This is a case where the law of the numerous small is a comfort. Back in the 90's on the Art Bell show there was a nutcase who kept talking about a mega-earthquake that was going to raise Atlantis and sink the Rocky Mountains at the same time, and he even sold post-earthquake maps. An earthquake big enough to do that would involve the release of enough energy to melt the crust of North America. It would be a spike in the probability distribution of shakers. Before we see a Magnitude 12 earthquake it stands to reason we'd see a dozen or so magnitude 11 ones, and hundreds of mag 10's. And before we get smacked by a 20 megaton asteroid we ought to get smacked by a dozen 2 megatonners, and hundreds of 200 kilotonners.

Re:Call Bruce Willis (5, Funny)

jfclavette (961511) | more than 7 years ago | (#18055614)

Talk about missing the point. In a few decades Bruce Willis might be DEAD ! Where does that leave us ?

Re:Call Bruce Willis (1)

Corporate Troll (537873) | more than 7 years ago | (#18055740)

You have no idea how much that comment made me laugh.... Mod this guy up Funny, okay?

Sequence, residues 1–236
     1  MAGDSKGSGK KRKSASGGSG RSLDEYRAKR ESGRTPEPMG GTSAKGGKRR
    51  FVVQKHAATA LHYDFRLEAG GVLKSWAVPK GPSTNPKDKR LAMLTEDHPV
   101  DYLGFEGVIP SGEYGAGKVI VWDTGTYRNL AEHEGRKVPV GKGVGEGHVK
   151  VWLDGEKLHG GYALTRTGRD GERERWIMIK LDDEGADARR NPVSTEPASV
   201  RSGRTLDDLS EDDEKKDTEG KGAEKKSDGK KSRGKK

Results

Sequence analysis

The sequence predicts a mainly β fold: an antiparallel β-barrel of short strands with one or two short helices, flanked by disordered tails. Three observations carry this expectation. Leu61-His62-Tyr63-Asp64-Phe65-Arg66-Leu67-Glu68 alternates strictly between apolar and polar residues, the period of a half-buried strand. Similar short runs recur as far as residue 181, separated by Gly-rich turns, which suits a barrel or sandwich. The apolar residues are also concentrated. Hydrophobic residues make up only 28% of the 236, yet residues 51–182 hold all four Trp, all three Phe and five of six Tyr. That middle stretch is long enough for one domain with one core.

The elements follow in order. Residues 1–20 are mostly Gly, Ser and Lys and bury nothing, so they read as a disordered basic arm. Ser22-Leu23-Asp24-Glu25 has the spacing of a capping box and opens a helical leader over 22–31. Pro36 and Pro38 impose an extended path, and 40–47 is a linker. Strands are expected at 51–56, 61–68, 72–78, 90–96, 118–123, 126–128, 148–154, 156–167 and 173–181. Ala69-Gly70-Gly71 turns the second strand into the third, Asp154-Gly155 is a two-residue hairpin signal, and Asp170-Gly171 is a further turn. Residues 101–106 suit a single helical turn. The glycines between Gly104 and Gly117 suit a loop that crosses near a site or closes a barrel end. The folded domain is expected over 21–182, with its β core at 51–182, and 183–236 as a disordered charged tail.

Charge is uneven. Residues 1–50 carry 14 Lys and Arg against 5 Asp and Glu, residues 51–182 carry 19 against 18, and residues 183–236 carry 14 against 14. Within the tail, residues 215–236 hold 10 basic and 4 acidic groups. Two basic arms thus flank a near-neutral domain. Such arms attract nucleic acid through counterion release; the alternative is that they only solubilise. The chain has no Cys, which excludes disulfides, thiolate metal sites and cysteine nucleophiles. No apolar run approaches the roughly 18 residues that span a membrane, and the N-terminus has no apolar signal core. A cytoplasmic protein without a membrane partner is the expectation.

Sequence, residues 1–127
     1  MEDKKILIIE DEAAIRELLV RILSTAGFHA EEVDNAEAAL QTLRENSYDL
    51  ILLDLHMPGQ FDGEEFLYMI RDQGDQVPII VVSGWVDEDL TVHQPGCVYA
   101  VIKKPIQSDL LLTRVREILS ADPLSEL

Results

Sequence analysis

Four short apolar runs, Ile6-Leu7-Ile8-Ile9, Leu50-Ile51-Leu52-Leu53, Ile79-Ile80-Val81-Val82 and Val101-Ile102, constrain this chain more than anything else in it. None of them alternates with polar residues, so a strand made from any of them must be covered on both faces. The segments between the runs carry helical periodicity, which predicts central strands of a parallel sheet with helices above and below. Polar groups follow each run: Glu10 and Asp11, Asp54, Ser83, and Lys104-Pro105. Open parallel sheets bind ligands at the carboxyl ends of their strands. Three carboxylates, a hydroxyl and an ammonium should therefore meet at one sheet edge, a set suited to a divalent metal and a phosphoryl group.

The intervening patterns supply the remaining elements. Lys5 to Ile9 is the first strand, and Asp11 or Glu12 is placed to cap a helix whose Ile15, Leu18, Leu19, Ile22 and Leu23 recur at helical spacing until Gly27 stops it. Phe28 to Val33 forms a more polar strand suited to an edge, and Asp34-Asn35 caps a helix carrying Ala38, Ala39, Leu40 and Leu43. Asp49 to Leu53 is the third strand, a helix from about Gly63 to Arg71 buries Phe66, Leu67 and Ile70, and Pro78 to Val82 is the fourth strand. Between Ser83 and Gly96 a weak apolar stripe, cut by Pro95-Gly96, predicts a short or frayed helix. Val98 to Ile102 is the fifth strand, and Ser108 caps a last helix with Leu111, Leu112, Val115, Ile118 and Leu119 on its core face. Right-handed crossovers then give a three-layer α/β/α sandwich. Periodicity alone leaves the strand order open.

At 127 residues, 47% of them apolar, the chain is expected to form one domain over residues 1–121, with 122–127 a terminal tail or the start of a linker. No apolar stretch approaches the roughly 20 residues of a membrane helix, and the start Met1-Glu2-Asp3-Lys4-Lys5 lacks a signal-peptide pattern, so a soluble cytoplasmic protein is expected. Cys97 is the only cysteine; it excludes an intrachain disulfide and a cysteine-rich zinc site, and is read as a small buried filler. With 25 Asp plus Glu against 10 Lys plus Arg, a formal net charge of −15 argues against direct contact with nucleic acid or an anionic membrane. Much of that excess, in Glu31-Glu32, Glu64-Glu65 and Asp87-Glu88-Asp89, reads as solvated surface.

Re:Call Bruce Willis (2, Funny)

edwardpickman (965122) | more than 7 years ago | (#18055882)

He might still be around. If Keith Richards can live this long Willis could still be alive. He maybe a head in a fish bowl but there's still hope.

Re:Call Bruce Willis (1, Funny)

Anonymous Coward | more than 7 years ago | (#18055886)

That's why they have remakes every 10 years or so...

There'll be a younger, more emo version of Willis. May be one of those boy band idols...

Re:Call Bruce Willis (0)

Anonymous Coward | more than 7 years ago | (#18055920)

Obviously we must freeze him cryogenically so that he may emerge later for humanity's sake.

Re:Call Bruce Willis (2, Funny)

twentynine (984768) | more than 7 years ago | (#18056440)

ben affleck was trained in the same field

Re:Call Bruce Willis (3, Funny)

D-Cypell (446534) | more than 7 years ago | (#18055628)

I, for one, vote that we let the asteroid come, and destroy the planet in an effort prevent the potential catastrophe of a follow-up to that movie.

Anyway, with any luck, some smart intern has already pointed out that titling a movie 'armageddon' should, generally, rule out a sequel.

Call SG-1 (2, Informative)

Anonymous Coward | more than 7 years ago | (#18055650)

Not only did they kill Apophis [wikipedia.org] , they also stopped an asteroid [wikipedia.org] sent by Anubis.

great (5, Insightful)

Anonymous Coward | more than 7 years ago | (#18055546)

If we determined in 2029 that it was going to hit in 2036, our governments probably wouldn't be able to get their shit together quickly enough to do anything.

untold (1, Interesting)

dangitman (862676) | more than 7 years ago | (#18055566)